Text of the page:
Fountains of Wayne’s Adam Schlesinger dies aged 52 from coronavirus

(Image credit: Jason Merritt/FilmMagic for Superfly Presents)

Adam Schlesinger, the co-founder and bassist of power-pop act Fountains of Wayne and a Grammy-, Emmy- and Tony-winning songwriter, died on April 1 from complications due to coronavirus. He was 52 years old.

Schlesinger had been hospitalized and placed on a ventilator after testing positive for the virus. His death was confirmed by his attorney, Josh Grier.

Fountains of Wayne were best known for their 2003 single, Stacy’s Mom, about a boy who has a crush on his friend’s mother, but the band, and Schlesinger on his own, had a long and varied career before and after that unlikely hit.

Schlesinger was born on October 31, 1967, and grew up in Manhattan and New Jersey. It was while attending Williams College in Massachusetts that he met singer, songwriter and guitarist Chris Collingwood, with whom he would co-found Fountains of Wayne.

But Schlesinger got his first taste of success with a solo song, That Thing You Do, which he wrote for the Tom Hanks-starring movie of the same name.

Created to sound like a mid-‘60s Beatles tune, the song was featured in the movie as a hit for the fake band the Wonders; in real life it became a hit as well, and Schlesinger earned a Best Original Song nomination at the 1997 Oscars.

Hanks, who is currently covering from coronavirus, posted a tribute to Schlesinger on Twitter, calling his passing “terribly sad.”

Fountains of Wayne, meanwhile, landed a deal with Atlantic Records and released their self-titled debut in 1996. The album garnered positive reviews and the single Radiation Vibe received play on alternative rock stations and MTV. The follow-up, 1999’s Utopia Parkway, was similarly praised but didn’t fare as well commercially, and the band was subsequently dropped by Atlantic.

They returned with a new label, S-Curve Records, and a new album, Welcome Interstate Managers, in 2003, which yielded the single Stacy’s Mom, co-written by Schlesinger and Collingwood. The song became a hit, and an accompanying video, starring model Rachel Hunter, was a mainstay on MTV.

"I wanted it to be an update of the Mrs. Robinson idea,” Schlesinger told Songfacts about Stacy's Mom. “It was a contrast of that story against a track that sounded like '80s new wave, like the Cars or something.”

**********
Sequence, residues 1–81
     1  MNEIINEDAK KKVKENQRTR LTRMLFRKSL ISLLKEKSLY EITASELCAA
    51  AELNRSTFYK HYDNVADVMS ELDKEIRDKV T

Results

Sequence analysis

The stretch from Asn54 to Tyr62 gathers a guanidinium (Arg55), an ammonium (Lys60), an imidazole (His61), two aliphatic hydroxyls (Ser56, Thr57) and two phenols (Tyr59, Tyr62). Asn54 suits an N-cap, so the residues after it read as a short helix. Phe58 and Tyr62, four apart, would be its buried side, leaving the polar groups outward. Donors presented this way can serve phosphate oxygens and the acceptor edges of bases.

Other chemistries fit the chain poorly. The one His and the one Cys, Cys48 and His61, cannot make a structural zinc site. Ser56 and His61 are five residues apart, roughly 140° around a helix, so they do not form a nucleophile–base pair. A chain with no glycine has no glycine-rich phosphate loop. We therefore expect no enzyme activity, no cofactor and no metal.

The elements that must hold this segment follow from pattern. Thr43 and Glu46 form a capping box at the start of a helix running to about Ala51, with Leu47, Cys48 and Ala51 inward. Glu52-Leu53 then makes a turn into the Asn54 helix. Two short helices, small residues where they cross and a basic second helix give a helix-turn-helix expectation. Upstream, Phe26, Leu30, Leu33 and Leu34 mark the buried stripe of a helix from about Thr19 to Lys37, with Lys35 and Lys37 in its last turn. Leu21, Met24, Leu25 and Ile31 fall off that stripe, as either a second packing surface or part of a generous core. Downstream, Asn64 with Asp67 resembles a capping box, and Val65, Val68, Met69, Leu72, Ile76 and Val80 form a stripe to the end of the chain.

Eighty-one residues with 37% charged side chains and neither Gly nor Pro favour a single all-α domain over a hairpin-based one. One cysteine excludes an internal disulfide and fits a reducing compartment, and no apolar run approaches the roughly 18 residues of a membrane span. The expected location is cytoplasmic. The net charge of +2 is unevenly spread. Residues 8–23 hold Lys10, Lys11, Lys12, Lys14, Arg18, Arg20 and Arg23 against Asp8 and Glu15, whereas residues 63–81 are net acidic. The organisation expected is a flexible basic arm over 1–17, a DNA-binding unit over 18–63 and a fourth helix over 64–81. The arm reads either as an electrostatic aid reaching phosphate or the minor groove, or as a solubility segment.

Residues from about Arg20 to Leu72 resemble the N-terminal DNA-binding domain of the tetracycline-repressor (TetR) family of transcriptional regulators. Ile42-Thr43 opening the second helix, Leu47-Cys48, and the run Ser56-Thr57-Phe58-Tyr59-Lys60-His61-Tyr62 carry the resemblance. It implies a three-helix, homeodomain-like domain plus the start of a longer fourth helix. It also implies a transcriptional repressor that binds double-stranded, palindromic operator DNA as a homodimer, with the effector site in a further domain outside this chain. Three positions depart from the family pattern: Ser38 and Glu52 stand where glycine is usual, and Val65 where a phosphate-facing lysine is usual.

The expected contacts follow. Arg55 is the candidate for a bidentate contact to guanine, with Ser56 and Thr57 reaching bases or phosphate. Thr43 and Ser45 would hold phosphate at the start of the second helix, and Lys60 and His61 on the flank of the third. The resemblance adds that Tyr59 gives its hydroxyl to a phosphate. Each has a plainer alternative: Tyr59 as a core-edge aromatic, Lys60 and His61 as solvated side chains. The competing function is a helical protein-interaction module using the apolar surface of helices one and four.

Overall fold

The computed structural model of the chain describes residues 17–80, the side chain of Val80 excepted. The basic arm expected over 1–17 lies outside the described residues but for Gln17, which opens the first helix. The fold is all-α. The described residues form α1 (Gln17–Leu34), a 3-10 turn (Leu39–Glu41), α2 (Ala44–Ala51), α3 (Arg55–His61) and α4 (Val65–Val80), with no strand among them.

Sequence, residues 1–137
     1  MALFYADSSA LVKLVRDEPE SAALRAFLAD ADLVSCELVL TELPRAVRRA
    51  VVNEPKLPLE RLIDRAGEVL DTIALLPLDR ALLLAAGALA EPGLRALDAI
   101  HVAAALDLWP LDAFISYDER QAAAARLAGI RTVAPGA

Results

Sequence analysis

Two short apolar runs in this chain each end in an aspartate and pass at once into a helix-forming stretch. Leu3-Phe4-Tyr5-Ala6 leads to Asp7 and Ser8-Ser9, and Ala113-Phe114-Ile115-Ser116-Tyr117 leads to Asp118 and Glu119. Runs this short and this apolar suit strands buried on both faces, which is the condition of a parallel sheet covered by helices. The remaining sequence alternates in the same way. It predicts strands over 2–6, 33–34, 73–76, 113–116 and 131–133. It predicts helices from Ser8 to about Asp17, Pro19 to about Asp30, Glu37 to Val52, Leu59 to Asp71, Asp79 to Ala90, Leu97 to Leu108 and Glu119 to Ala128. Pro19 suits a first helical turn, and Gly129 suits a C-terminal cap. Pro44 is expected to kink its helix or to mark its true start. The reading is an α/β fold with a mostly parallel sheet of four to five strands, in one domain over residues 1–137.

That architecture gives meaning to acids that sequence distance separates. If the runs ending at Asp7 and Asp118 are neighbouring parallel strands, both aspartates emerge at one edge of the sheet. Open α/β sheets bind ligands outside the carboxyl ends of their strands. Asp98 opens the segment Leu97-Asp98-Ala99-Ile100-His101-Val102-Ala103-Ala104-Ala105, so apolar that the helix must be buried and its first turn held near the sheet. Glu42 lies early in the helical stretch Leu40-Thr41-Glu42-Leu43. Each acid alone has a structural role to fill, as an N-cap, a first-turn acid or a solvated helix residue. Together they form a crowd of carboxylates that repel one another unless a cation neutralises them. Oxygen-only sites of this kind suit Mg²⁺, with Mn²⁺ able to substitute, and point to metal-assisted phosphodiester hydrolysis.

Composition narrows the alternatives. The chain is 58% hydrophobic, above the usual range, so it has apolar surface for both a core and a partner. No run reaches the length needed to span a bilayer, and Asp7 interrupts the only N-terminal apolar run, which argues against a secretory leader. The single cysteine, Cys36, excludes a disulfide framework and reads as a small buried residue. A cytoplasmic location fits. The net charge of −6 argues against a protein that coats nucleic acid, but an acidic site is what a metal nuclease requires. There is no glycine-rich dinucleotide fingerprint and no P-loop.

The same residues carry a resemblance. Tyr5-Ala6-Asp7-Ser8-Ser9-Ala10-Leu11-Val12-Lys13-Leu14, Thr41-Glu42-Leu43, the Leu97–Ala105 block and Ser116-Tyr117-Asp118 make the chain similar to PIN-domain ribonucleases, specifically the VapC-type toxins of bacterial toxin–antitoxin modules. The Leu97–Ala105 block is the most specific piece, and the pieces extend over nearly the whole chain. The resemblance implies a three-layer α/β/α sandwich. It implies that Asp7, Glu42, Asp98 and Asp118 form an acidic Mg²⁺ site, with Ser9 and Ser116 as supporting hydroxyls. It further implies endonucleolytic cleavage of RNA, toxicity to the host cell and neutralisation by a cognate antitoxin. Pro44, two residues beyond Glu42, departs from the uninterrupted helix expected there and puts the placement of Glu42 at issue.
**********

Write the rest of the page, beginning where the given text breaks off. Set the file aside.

Post mainstream success, Fountains of Wayne released two more albums, 2007’s Traffic and Weather and 2011’s Sky Full of Holes, and Schlesinger stayed incredibly busy otherwise. 

He regularly recored and performed with his other group, Ivy, which released six albums between 1996 and 2011, issued a self-titled album with Tinted Windows, a supergroup featuring James Iha (Smashing Pumpkins), Taylor Hanson (Hanson) and Bun E. Carlos (Cheap Trick), and composed extensively for film and TV and theater.

Among other accolades, he won a Grammy for his work on A Stephen Colbert Christmas, earned a Tony nomination for co-writing the score for the 2008 Broadway musical Cry-Baby and picked up two Emmys for songs he wrote for the Tony Awards.

In 2018 he won his third Emmy, for the song “Antidepressants Are So Not A Big Deal,” from the series Crazy Ex-Girlfriend, on which he served as a songwriter and executive music producer.

Schlesinger discussed his writing approach, and whether he considered himself a ‘confessional songwriter,’ with Songwriting Magazine in 2014:

“I’ve come to realize over the years that I’ve put a lot of myself into the songs,” he said. “I just don’t think it’s in terms of diary entries, putting in stuff that’s personal and directly linked to my life. I tend to do it in a little bit more of an oblique way.”

Thank you for reading 5 articles this month**

Join now for unlimited access

US pricing $3.99 per month or $39.00 per year

UK pricing £2.99 per month or £29.00 per year 

Europe pricing €3.49 per month or €34.00 per year

*Read 5 free articles per month without a subscription

Join now for unlimited access

Prices from £2.99/$3.99/€3.49

Richard Bienstock

Rich is the co-author of the best-selling Nöthin' But a Good Time: The Uncensored History of the '80s Hard Rock Explosion. He is also a recording and performing musician, and a former editor of Guitar World magazine and executive editor of Guitar Aficionado magazine. He has authored several additional books, among them Kurt Cobain: Montage of Heck, the companion to the documentary of the same name.